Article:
NASHVILLE -- Garth Brooks' eyes filled with tears on Sunday night before the Medallion Ceremony to induct him into theCountry Music Hall of Fame even started.
"I came to this town for one reason," Brooks said on the red carpet just inside the hall's doors. "That was to get George Strait to record 'Much Too Young (To Feel This Damn Old).' Tonight, he's singing it."
Brooks, Connie Smith and Hargus "Pig" Robbins were inducted into the Country Music Hall of Fame on Sunday, each with performances from some all-star friends.
Bob Seger, James Taylor and Strait were on hand to pay tribute to Brooks. Robbins was honored by Ronnie Dunn, Crystal Gayle, Ronnie Milsap, and Gene Watson; and Smith was feted by the Quebe Sisters Band, The Whites and Lee Ann Womack.
"I'm going to try to set a record drinking this much moonshine in a three-minute song," Dunn joked, holding a mason jar of clear liquid, before he launched into a version of George Jones' "White Lightning," the first song on which Robbins professionally played.
Since 1959, Robbins has been a constant in Nashville studios, playing on smashes by Dolly Parton, Tom T. Hall, The Statler Brothers, Charlie Rich, Bobby Bare, Loretta Lynn, Vince Gill, Reba McEntire, Alan Jackson and hundreds of other notables, including fellow inductee Smith.
"There's hundreds of artists who had a better career because Pig played on their records and there's millions of fans who had their hearts touched because he played on them," said McCoy before officially inducting Robbins into the Hall of Fame.
"I'm very honored to go in with Connie since I played on her first records, and with the mighty Garth, of course," Robbins said.
After a rousing duet from Robbins and Milsap on "Behind Closed Doors," Kyle Young, director of the Country Music Hall of Fame and Museum, took a few minutes to tell the audience about Smith.
"You only need to hear Connie Smith once to realize why she is considered one of the great vocalists of her generation," Young said.
Smith, born Constance June Meador in 1941, began her recording career with RCA in the summer of 1964. She leaned heavily on songs from Bill Anderson's pen, including "Once a Day," which would become her first No. 1 country hit.
"Once a Day" was the first debut single by a female country artist to top the charts, and it wasn't until Trisha Yearwood's "She's in Love With the Boy" in 1991 that a female country singer equaled that feat. Smith's quick ascent earned her three Grammy nominations in 1965, and "Once a Day" was the first in a run of 12 consecutive Top 10 hits.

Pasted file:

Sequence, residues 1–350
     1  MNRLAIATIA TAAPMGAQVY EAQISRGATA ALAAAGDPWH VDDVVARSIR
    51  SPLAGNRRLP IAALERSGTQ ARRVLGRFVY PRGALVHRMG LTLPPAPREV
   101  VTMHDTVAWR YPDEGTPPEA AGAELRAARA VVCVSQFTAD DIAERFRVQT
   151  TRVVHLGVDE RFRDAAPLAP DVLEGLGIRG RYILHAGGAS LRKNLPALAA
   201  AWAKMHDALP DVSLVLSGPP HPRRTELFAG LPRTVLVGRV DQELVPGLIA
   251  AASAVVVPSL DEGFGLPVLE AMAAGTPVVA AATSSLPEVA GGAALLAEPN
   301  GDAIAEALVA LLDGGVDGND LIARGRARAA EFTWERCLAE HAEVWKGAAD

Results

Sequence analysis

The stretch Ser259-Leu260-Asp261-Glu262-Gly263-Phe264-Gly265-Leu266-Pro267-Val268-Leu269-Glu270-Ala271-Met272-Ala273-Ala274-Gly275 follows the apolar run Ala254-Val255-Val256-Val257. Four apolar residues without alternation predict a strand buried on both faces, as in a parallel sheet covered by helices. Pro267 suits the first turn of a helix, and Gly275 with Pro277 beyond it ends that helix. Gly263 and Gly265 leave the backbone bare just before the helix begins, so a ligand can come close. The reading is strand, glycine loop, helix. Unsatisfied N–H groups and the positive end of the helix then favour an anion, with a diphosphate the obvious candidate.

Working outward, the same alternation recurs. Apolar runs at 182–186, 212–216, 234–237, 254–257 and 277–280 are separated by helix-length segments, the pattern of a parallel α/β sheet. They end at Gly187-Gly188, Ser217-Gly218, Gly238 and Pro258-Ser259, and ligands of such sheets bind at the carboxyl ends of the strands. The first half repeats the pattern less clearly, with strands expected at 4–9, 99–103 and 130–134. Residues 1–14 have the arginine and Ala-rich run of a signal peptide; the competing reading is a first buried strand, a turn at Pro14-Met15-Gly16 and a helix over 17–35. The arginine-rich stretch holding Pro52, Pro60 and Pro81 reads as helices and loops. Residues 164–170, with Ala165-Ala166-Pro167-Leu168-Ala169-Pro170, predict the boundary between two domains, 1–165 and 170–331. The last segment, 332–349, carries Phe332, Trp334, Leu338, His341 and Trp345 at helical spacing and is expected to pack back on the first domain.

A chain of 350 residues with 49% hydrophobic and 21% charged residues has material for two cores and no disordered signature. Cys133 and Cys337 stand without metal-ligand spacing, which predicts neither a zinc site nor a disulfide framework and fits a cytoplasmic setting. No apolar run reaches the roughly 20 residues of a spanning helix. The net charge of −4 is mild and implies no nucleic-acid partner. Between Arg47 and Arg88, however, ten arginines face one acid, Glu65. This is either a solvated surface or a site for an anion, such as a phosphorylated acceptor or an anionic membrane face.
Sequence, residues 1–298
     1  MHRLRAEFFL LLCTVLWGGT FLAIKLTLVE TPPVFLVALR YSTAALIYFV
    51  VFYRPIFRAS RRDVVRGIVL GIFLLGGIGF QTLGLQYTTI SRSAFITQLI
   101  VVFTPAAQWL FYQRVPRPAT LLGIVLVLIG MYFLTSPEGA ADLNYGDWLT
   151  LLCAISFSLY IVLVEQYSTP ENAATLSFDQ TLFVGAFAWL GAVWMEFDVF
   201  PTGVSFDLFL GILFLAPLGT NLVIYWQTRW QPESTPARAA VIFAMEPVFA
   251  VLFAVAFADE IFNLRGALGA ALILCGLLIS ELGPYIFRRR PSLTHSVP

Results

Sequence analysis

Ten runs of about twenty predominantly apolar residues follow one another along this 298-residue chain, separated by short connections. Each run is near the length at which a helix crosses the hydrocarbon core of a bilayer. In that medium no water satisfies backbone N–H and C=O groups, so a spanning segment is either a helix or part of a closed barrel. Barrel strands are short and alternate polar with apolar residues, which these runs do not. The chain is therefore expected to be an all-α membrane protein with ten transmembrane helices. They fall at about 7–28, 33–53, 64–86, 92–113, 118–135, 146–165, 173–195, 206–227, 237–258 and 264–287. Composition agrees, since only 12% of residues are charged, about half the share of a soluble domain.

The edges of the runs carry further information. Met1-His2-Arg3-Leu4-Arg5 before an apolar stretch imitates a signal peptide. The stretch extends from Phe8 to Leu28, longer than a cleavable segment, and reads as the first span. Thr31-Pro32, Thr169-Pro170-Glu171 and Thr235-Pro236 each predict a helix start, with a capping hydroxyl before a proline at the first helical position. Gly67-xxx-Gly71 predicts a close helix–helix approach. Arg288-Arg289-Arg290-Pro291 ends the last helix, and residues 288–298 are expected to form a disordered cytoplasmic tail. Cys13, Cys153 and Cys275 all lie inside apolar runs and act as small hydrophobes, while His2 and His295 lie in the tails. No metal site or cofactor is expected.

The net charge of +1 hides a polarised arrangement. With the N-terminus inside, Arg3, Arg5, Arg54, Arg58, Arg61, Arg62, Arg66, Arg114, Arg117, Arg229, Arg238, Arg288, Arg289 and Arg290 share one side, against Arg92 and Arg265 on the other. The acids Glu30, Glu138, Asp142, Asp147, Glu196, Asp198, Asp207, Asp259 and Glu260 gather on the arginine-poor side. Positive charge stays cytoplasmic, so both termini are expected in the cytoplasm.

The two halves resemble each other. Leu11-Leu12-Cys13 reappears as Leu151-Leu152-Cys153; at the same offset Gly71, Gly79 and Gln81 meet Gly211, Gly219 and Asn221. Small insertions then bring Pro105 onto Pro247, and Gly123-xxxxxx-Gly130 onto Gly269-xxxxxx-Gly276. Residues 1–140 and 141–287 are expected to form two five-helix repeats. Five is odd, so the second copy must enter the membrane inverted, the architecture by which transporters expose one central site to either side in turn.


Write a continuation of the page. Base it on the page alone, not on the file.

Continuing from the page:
"All the girl singers want to sing like Connie," said Womack before performing Smith's "You've Got Me Right Where You Want Me." "Connie has it all. She has the great songs, the voice and the beauty."
Merle Haggard flew in from California to induct Smith into the Hall.
"There's more than one reason to love Connie, but mostly because she sang so good," Haggard said. "I can't remember anything she ever recorded that I didn't love."
Smith took the stage amid a standing ovation.
"I kind of feel like I deserve it the least because I didn't aim for it, I just wanted to sing and feed my kids," Smith said. "I feel like this was God's destiny for me, to be a girl country singer."
Garth Brooks' destiny was similar - and grandly successful.
The Recording Industry Association of America dubbed Brooks the Male Solo Artist of the 20th century. The Oklahoma native sold more than 128 million albums, collected 19 No. 1 songs and is the top-selling artist of the SoundScan era.
"Whenever the topic turns to Garth Brooks, people inevitably talk about how he changed country music," said Young. "Garth did not change country music. Like every important artist honored in the Hall of Fame, Garth Brooks is country music. But Garth Brooks did change American culture. He proved that there were no barriers to how many hearts and souls country music could touch."
That was evident Sunday when Brooks' musical tribute transcended the boundaries of the genre with performances from Strait, Seger, and Taylor.
"What I love about Garth is his passion," said Seger. "Even with his enormous success, he's still a really good guy."
Brooks, 50, broke onto the country music scene in 1989 with his self-titled first album, which was released on Capitol Records.
"If Tomorrow Never Comes" became Brooks' first No. 1 song, and soon after, "The Dance" became a career-defining ballad. When Brooks' third album, "Ropin' the Wind," was released in 1991, it made history as the first country album to ever debut at No. 1 on both the Billboard Top 200 albums chart and the Billboard Top Country albums chart.
Brooks, named CMA Entertainer of the Year four times in the '90s, released 10 albums of new material and four greatest hits packages between 1989 and 2007, including his "Double Live" set, which is certified 20 times platinum.
"I remember hearing about Garth swinging around on ropes and blowing things up on stage and thinking, 'This is country music, can he do that?' " recalled Strait as he was inducting Brooks. "Yes, he can."
Brooks took the stage to make his acceptance speech and recalled how Taylor, Seger, and Strait had impacted his life and career. He said that Taylor's music brought peace to his house as a child and credited Strait's music for helping him find his career path.
"I wanted to be George Strait so damn bad," he said. "And tonight caps it off, I still want to be George Strait so damn bad. When I came out here, Vince Gill looked at me and said, 'This will be the greatest day of my life.' And he was right. It was the best day of my professional life."